In your kindness give me life,
to keep the decrees you have spoken.
1 The Paralipomena are 1/2Chronicles. These two books of the OT that follow the two books of Kings (III/IV Kgs, according to LS) correspond to the Hebrew title “Facts or words of the days.” For the Jews, they formed a single book that occupies the last place in their canon. In the Greek translation of the LXX and the Latin translation by Jerome, the Chronicles were called Paralipomena, a term that means “what was omitted in the [preceding] tradition.” The complete title given by Jerome was: “Chronicle of all sacred history” and it indicates with relative precision the content of the book.
2 On the attribution of the two books of Ezra, see note 9 on page. 18.
3 Alexander the Great (356-323 B.C.), son of Philip, King of Macedon and disciple of Aristotle, was the conqueror and organizer of an empire that extended from the eastern part of the Mediterrenean Sea (Greece and Egypt) up to India (cf. 1Mc 1:1-9; 6:2) establishing what was called the “Hellenic civilization.” Some passages of Daniel's prophecies probably refer to him and to his kingdom (cf. Dn 2:40-41; 7:7; 11:3-4). The historiography that has seen in Hellenism the age of “conversion” to the Jewish-Christian religion has also included therein the Latin culture and philosophy of the first centuries of the Christian era.
4 The Interpretation of the Bible in the Church sheds light on this theme: “The Bible closely unites to the narratives of the history of salvation numerous instructions on how to behave: commandments, prohibitions, juridical prescriptions, exhortations and prophetic invectives, advices of the wise. One of the tasks of exegesis is to clarify the scope of this abundant material and thus to prepare the work of moral theologians.” (no. 39)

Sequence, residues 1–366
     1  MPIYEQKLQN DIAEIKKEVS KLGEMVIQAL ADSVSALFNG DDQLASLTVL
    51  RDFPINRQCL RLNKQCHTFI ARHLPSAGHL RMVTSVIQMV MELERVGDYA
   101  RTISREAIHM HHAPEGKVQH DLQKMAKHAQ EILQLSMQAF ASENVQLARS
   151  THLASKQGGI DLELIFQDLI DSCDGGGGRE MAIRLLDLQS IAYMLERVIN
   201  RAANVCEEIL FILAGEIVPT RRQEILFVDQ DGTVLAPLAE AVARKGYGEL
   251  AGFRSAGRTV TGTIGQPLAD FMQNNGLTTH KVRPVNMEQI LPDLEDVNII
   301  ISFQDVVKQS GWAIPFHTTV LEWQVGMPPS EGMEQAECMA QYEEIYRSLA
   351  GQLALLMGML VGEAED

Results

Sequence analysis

5 These “counsels” are the three religious vows of obedience, chastity and poverty, as will be said on p. 153.
6 Here reference is made to the Shema Israel (“Hear, Israel”), the prayer that makes up the profession of the Hebrew faith. It is made up of three Biblical passages (Dt 6:4-9; 11:13-21; Nm 15:37-41) that proclaim the unity of God, the commandment to love him above all things, the meditation of his laws and the observance of the prescriptions of the phylacteries (tefillim), of mezuzah (biblical passage placed in a pouch and fixed at the door beams) and of the seams of clothes, as “memorials” of the will of God. The Shema is recited everyday, morning and evening, and its first verse is said even by the dying.
7 It is now Ps 119.
8 Cf. Jn 21:15-17: “Feed my lambs... feed my sheep...”
9 Dt 28:1-4,15-19.
10 LS shows “Luca 1, 68-80,” (Lk 1:68-80) but the passage quoted ends with verse 79.